A psychotic small-time criminal realizes that the everyday robberies, rapes and murders he commits aren't making him all that much money, so he figures to hit the "big time" by kidnapping the daughter of a rich man.
An Italian official's wife is kidnapped, and the kidnappers demand that a notorious prisoner be released in order for the man to get his wife back. He gets the man released--but then ... See full summary »
Carlo Antonelli, an engineer from Genoa, gets mugged and decides to take justice into his own hands. At first the muggers seem to get the upper hand, but then he's helped by Tommy, a young robber who takes his side.
A biker's brother is killed while investigating the kidnapping of a young boy, the byproduct of a war between two crime families. The biker vows to get revenge by finding the kidnapped boy and destroying the two families.
Luigi Maietto (Chinaman) escapes from prison he then orders two henchman to murder the inspector whose testimonal led to his being jailed. Inspector Tanzi is left for dead but lives. The ... See full summary »
A detective sick and tired of the rampant crime and violence in his city, and constantly at odds with his superiors, is finally kicked out of the department for a "questionable" shooting of... See full summary »
When Milano police lieutenant Giorga's chief is murdered by an organized crime ring, he vows to avenge his boss's death. Going undercover to continue the chief's investigation, he plans to ... See full summary »
Though undeniably enjoyable, the popular poliziottesco subgenre - which proliferated in Italy throughout the 1970s - is also frustrating because one can never tell the quality of a specific title until one has watched it himself (this is mainly due to the fact that this type of film has been largely dismissed by the critics, while at the same time turned into a cult by fans): the thing is that a handful of titles definitely merit a critical re-appraisal, while many others are overrated by the aficionados. Personally, during the last few years, I've sampled films which fall in both these categories - but, thankfully, EMERGENCY SQUAD turned out to be one of the best poliziotteschi out there.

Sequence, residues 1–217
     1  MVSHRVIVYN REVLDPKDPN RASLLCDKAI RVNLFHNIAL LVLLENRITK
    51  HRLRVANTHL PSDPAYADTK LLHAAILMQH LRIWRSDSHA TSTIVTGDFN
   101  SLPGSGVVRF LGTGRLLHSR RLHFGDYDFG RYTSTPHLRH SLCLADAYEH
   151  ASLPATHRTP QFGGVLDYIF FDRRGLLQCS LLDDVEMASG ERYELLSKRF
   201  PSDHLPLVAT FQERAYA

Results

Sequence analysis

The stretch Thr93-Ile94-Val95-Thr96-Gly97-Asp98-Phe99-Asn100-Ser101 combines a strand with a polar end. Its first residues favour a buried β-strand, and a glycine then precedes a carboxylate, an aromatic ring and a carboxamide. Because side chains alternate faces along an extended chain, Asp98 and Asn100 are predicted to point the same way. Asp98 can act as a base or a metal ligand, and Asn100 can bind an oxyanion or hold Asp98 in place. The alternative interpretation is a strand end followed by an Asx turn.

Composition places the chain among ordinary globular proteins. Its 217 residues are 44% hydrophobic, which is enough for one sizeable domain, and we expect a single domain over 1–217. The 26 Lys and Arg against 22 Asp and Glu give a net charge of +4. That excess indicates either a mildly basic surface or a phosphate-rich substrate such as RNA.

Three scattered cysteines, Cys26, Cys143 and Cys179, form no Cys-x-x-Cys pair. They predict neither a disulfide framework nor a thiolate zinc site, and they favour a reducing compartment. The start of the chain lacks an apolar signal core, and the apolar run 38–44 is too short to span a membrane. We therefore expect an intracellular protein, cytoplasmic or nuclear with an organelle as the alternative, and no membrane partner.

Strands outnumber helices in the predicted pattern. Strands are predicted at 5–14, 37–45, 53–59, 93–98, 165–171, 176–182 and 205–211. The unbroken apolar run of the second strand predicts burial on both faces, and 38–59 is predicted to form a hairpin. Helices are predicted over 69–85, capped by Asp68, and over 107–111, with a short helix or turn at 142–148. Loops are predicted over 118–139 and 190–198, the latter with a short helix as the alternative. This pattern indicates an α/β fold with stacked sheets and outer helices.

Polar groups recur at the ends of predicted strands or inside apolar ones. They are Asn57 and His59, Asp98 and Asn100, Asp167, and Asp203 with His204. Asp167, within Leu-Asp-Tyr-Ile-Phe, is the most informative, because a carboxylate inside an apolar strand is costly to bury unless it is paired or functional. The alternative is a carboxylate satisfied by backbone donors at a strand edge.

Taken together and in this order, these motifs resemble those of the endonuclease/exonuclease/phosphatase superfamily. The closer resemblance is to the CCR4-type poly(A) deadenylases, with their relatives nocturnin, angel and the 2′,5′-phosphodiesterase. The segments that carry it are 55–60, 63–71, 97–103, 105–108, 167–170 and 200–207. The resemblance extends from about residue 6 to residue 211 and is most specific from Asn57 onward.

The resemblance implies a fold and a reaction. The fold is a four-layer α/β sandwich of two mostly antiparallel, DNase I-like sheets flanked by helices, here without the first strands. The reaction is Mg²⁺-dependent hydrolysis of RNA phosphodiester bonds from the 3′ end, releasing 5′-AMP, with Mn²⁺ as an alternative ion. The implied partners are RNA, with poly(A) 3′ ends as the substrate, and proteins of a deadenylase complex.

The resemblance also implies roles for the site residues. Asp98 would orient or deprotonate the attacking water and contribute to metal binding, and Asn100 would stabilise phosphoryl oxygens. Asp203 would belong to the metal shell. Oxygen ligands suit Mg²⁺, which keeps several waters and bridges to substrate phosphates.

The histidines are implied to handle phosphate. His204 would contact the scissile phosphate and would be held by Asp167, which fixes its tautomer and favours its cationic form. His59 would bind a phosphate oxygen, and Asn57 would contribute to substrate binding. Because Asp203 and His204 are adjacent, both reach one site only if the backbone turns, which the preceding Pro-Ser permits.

Having just watched ROME ARMED TO THE TEETH (1976), whose narrative was all over the place, it's easy to see how EMERGENCY SQUAD benefits from having a tight, compelling plot line. Besides, I tend to find star Tomas Milian more interesting when playing an anti-hero (as here or in his better Spaghetti Westerns) than an out-and-out villain. The film is clearly inspired by both DIRTY HARRY (1971) - the taciturn, iconoclastic cop hero with a dead spouse - and THE FRENCH CONNECTION (1971) - the desire for revenge has turned Milian's pursuit of gang boss Gastone Moschin (who, like Fernando Rey in that movie, also hails from Marseilles) into an obsession; curiously enough, the dock finale of this film anticipates the one in FRENCH CONNECTION II ! Moschin (terrific as the anti-hero hood in MILANO CALIBRO 9 ) is a credible villain here, also because the script has atypically made him a victim of tuberculosis.
The supporting cast is led by Stefania Casini, who has fun with her role as a ditzy gangster's moll but isn't really given a lot to do: the actress' above-the-title billing certainly suggests that her character will be more central to the main plot and that, perhaps, she'll become involved with Milian at some point - but they only get to share one scene at the very end! Also featured, among others, are Mario Carotenuto (as Milian's elderly sidekick and conscience) and Ray Lovelock (as one of Moschin's lackeys, though he exits the proceedings rather quickly in one of the film's best scenes).
Director/co-writer Massi's background as a cinematographer is evident in the film's stylish look (even if there's an over-abundance of zoom shots), and equally notable is the inventive editing technique adopted throughout (which shows a definite influence from modern American films
the overlapping of shots from successive scenes before a full
transition being borrowed from EASY RIDER , the juxtaposition in slo-mo of Moschin's death with that of Milian's wife at the climax from the work of Sam Peckinpah). Regular genre composer Stelvio Cipriani contributes an excellent and eclectic score, providing several variations on the catchy main theme throughout.
The plot, meanwhile, shows the gang cleverly take up various disguises to accomplish their criminal schemes (dressing up as undertakers, members of a film crew and priests during the course of the film); interestingly, the scene in which they hold a family hostage will be reprised in Milian's subsequent and better-known effort in the genre, ALMOST HUMAN (1974) - where he actually plays the psychotic leader of a gang of crooks. Also, the vulgar humor associated with the genre only makes itself felt in the scenes taking place on the set of an erotic movie and, later, in a hippie commune; in fact, the film's tone is generally quite serious - but this doesn't mean that the hard-boiled dialogue, which so characterizes the poliziotteschi, has been downplayed (thus raising the occasional chuckle, especially among those fluent in Italian).
I watched this via a recording off Italian TV but as the reception wasn't perfect - not to mention the fact that I was surprisingly impressed by the film - I'll have to pick up No Shame's reportedly solid R1 DVD release somewhere down the line...
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